Let's start with the good news. Yes, there is some.
I like Lou's adjusted lineup, which is now apparently going to be used vs. RHP. I won't flatter myself by saying that I've been advocating this change for some time and thinking anyone actually listened to me, but I really like Milton Bradley in the #2 spot, with Ryan Theriot dropped to eighth. Bradley had exactly the kind of day you'd like your #2 hitter to have -- a single and two walks and a run scored.
Eventually, this is going to lead to more run scoring and wins, but not last night -- the Cubs lost to a very good Rockies team 6-2, after Carlos Zambrano walked off the field complaining that his back was acting up again. With the loss and the Cardinals' win over the Pirates, the Cubs fell a game out of first place, though still one game up in the loss column over St. Louis
Z's departure forced Sean Marshall into an emergency start. Sometimes those things work out, especially when the other team makes lineup changes as the Rockies did last night after learning they'd be facing a lefthander. Unfortunately, last night wasn't the time for it to work -- Marshall struggled through a 41-pitch first inning, allowing three runs, and we might as well have turned the TV's off then, because the Cub offense couldn't generate anything against Ubaldo Jimenez. This Cub team seems to have trouble against pitchers who have hard sinkers like Jimenez -- Justin Lehr the other night in Cincinnati was another example -- and that does not bode well for tonight's game against former teammate Jason Marquis.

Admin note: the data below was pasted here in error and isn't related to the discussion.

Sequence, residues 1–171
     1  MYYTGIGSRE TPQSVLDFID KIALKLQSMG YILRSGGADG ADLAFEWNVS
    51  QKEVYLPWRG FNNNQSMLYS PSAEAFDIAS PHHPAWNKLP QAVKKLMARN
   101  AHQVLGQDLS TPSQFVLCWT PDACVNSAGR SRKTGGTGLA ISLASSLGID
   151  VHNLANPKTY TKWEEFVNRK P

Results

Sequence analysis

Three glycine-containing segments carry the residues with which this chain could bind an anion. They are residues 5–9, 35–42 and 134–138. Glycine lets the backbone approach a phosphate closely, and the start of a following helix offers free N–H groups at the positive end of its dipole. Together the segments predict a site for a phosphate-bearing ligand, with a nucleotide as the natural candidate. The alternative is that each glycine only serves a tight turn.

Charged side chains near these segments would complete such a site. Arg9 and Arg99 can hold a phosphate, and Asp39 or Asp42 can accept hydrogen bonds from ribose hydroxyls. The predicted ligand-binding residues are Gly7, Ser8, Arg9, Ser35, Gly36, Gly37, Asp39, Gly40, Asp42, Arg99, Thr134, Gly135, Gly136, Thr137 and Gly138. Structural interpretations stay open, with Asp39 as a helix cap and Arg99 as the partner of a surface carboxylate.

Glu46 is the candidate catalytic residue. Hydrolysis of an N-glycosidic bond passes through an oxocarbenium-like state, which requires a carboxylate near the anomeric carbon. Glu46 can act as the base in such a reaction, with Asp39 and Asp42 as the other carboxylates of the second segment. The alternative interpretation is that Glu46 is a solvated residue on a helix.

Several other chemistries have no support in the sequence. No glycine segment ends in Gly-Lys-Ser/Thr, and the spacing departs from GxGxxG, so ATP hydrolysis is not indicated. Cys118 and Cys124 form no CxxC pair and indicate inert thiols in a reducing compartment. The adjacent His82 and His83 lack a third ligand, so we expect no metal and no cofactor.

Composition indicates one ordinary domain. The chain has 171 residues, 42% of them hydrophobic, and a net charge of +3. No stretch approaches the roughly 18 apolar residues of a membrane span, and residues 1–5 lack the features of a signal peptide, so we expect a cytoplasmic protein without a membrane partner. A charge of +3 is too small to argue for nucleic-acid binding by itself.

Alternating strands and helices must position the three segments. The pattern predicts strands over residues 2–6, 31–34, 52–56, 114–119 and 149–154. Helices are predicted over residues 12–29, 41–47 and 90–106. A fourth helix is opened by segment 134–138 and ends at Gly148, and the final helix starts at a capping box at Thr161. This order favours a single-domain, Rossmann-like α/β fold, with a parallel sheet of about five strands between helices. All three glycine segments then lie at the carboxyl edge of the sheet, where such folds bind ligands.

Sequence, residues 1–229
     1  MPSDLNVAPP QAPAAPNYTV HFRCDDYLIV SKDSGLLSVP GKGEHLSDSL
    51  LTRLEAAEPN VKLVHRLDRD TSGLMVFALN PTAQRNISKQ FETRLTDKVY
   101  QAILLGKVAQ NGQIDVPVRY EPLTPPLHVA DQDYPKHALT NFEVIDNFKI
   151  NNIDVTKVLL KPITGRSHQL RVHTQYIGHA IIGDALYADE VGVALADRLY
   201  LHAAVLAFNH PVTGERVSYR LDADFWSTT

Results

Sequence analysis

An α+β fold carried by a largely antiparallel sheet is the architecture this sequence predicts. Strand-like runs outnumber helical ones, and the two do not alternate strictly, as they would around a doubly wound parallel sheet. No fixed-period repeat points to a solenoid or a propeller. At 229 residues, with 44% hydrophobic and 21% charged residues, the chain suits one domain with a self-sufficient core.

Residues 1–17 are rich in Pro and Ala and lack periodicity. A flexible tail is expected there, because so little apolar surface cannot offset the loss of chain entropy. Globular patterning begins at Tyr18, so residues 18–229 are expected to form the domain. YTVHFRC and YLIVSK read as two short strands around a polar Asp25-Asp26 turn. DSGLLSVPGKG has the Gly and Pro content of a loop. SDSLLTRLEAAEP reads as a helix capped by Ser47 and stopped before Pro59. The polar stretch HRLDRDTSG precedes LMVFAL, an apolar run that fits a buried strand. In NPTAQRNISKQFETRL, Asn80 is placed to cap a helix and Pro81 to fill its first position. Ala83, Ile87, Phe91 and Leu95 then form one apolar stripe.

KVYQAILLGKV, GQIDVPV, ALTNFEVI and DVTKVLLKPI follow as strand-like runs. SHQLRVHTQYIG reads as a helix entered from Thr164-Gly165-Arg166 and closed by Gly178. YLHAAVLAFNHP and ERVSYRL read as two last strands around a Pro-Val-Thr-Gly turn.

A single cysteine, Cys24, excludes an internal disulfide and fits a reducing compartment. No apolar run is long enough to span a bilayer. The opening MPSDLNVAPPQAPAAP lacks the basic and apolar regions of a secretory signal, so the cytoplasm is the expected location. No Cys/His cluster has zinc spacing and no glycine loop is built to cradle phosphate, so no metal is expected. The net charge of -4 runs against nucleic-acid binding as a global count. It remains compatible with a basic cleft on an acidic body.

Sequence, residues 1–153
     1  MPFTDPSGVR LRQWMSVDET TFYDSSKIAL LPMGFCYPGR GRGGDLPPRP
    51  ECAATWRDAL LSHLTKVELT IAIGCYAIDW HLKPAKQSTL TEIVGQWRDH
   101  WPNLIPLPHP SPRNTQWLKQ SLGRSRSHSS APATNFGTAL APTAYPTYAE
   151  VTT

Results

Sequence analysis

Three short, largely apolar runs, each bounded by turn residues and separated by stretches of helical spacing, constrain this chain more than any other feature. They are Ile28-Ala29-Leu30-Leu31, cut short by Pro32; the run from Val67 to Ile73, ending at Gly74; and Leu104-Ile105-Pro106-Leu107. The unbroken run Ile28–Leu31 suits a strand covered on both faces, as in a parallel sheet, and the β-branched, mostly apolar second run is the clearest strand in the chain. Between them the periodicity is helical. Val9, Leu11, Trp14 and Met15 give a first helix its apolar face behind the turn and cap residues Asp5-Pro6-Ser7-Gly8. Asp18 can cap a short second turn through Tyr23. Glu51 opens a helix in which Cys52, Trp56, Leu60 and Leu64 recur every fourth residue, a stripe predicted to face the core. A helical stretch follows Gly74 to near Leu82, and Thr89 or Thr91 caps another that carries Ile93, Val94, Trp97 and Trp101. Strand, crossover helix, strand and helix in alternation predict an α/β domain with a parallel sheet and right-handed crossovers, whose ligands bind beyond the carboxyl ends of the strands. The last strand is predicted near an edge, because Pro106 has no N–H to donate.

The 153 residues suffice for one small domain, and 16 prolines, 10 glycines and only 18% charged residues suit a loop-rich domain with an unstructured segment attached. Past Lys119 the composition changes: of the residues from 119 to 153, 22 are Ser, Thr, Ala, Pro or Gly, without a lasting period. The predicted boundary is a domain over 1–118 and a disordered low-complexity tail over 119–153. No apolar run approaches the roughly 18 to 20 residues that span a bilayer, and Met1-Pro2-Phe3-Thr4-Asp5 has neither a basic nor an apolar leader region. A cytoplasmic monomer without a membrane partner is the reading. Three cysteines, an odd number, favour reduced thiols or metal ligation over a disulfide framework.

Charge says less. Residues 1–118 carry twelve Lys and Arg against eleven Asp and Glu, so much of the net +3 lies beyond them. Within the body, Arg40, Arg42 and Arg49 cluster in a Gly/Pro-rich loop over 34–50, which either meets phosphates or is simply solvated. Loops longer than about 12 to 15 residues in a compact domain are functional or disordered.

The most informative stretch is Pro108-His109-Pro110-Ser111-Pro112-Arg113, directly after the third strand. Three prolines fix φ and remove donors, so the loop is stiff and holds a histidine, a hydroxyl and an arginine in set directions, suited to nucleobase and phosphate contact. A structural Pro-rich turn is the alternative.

Jimenez did keep giving the Cubs chances -- he walked five -- but the Cubs couldn't take advantage. Derrek Lee came up with two on and nobody out in the first inning and hit into a double play. (In case you're tempted to call him "DP-Lee" again, that's only six for him this year, after a team-record-tying 27 in 2008.) That scored a run, but it also set the tone for the rest of the frustrating game. Lee came up again with two runners on in the third, this time with two out, and nearly hit a three-run homer; that would have given the Cubs the lead. Unfortunately, it died in the depths of the Coors Field outfield and was caught right in front of the 390-foot sign in left-center field by Carlos Gonzalez. That ball would have been well up in the left-center field bleachers at Wrigley.
Jeff Samardzija, in relief of Marshall, didn't do too bad a job; his only mistake was grooving one to Rockies catcher Chris Iannetta, who smacked a two-run homer to make it 5-1 in the 4th. Apart from that, Samardzija's job was to take one for the team and eat up some innings with the bullpen forced to throw the entire game, and he did that, although 73 pitches in four innings is more than you'd like to see. Aaron Heilman allowed the Rockies' final run, but didn't walk anyone. Interestingly enough, Heilman now has eight consecutive appearances without allowing a walk. If you think that means he's turning a corner, I think you'd be wrong; in those eight appearances he's allowed three home runs and five earned runs in seven innings for a 6.43 ERA.
There isn't a whole lot more to say about last night's loss; give some credit to the Rockies, who are currently tied with the Giants for the wild card lead. (The Cubs stand two games out of that lead, if you are keeping track.) All the Cubs can do tonight is try to make Jason Marquis remember what it was like pitching after the All-Star break when he was wearing blue pinstripes.
And hope Z's back feels better.